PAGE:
Reinventing Rebecca Romijn
By George Gurley
Photo Credit: James White
Quite simply, she knows she's been given the chance to play a revolutionary character on prime-time television, and she's going for it."I've had a lot of people ask, 'How does it feel to be a man?' My response is, I'm not playing a man," she says. "I'm playing a woman, and Alexis loves being a woman. And so do I! And she's very girly. And so am I! But she's also really lonely. That's where we're different."
Romijn dips a chip in the guacamole then redips it in the salsa. Quirks can be so reassuring in perfect women. When she winds up on lists like VH-1's 100 Hottest Hotties and People magazine's 50 Most Beautiful People, Romijn takes it with a major grain of salt. "What does that mean? Did they really go and look at every single person in this world? I don't think so. Ha ha!" I suggest a more appealing designation for her: the least neurotic person in the world. Romijn considers that. "I guess I can be a little neurotic sometimes, but can't everybody?" she asks. "You know what? I'm not into big drama. I try and stay away from that. I think life throws enough curveballs that you shouldn't make such a big deal out of everything. You just have to sort of roll with the punches."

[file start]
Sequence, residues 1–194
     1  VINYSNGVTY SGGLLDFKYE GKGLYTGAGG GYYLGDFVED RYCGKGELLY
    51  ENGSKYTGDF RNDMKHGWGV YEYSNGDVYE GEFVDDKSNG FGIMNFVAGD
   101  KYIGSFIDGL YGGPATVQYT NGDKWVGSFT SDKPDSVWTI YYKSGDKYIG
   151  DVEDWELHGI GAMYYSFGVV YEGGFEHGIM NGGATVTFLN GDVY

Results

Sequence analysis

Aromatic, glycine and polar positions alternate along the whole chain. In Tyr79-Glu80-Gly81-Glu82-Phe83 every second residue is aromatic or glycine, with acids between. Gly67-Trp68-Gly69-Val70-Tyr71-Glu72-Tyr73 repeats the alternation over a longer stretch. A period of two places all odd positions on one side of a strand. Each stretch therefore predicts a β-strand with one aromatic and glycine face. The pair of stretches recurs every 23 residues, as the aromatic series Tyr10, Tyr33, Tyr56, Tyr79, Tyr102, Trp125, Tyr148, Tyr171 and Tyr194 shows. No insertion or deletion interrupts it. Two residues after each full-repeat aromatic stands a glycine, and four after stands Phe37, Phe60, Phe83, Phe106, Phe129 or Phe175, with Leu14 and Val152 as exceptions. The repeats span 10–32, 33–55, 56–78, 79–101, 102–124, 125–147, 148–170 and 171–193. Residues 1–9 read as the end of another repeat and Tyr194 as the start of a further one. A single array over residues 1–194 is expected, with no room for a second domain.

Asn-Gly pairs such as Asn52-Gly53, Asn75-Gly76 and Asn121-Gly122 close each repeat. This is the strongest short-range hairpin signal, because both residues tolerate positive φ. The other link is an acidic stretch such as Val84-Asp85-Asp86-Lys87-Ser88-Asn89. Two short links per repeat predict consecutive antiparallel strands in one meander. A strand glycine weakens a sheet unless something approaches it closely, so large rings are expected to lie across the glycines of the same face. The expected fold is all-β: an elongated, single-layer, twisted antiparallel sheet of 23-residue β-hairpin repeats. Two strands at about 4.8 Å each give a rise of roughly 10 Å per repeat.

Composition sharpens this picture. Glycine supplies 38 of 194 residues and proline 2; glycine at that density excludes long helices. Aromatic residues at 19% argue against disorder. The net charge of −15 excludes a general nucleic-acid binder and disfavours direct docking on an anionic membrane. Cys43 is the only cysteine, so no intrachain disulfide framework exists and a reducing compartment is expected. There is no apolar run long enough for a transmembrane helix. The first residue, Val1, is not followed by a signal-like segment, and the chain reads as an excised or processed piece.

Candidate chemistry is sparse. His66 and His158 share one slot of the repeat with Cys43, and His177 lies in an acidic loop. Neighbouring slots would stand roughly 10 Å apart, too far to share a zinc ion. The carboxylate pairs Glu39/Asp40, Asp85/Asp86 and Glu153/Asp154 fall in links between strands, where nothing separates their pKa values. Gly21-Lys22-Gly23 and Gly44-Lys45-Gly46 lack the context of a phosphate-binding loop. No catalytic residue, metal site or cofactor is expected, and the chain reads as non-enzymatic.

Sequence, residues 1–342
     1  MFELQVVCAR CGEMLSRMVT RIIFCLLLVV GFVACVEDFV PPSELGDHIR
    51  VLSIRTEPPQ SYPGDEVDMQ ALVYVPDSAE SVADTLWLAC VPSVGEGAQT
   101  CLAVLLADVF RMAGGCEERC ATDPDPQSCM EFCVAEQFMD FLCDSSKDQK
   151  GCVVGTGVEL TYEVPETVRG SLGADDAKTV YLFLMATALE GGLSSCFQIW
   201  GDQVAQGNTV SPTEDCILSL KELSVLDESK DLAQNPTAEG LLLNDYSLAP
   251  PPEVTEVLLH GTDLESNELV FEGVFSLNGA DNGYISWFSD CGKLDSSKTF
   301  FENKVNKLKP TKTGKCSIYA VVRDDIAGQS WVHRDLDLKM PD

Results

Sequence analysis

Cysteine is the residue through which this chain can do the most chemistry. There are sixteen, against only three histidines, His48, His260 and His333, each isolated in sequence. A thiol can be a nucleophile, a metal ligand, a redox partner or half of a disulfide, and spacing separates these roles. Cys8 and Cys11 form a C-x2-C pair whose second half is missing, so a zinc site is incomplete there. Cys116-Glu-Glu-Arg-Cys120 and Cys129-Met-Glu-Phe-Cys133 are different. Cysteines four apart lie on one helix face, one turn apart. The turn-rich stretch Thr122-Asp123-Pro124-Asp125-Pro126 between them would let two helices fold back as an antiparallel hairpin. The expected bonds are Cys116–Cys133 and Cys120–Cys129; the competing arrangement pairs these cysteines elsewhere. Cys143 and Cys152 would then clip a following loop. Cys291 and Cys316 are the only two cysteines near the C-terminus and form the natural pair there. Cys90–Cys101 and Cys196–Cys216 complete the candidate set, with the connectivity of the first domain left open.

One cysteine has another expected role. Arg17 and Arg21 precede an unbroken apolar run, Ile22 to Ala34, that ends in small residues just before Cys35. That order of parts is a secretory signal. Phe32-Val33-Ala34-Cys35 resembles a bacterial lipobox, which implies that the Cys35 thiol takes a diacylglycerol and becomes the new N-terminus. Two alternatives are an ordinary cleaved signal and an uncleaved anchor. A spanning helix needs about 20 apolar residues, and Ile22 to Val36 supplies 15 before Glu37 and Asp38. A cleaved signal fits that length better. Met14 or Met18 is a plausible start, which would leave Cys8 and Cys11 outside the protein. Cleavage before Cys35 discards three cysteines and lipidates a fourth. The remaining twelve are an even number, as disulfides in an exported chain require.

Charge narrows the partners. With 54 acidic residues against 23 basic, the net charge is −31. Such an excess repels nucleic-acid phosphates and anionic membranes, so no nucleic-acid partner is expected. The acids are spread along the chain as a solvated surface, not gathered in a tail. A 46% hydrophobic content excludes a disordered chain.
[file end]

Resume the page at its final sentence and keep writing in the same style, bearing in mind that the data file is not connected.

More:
Romijn grew up in Berkeley in the 1970s. Her hippieish parents weren't poor-poor, but it was a fairly humble upbringing. "We went to Value Village and garage sales-we were big flea-market people," she says. Even by Northern California standards, her folks were pretty liberal; her relaxed, Dutch father, a furniture and toy maker, sometimes answered the door in the nude. Romijn reportedly smoked her first joint at age 10 with friends of her parents and decided it wasn't for her. Her parents divorced when she was 7 but lived across the street from each other for six more years, until Romijn's mom, an English teacher, moved to a sketchy part of Oakland. Her idea of fun in those days? Diverting, laugh track-laden sitcoms like The Facts of Life, The Brady Bunch, and Three's Company. "I love uplifting television," Romijn says. Other loves included "Prince, the Beastie Boys, and Wet n' Wild lipstick, cuz it was 99 cents at Bill's Drugs."Romijn did a short stint at the University of California at Santa Cruz before a friend hooked her up with a modeling agency-three weeks later she was living in Paris and making serious money. She strutted the catwalk for three years, appeared on numerous magazine covers (but turned down Playboy), and was anointed "the face" of Liz Claiborne and Tommy Hilfiger-all of which left her restless and bored. Acting was the next challenge.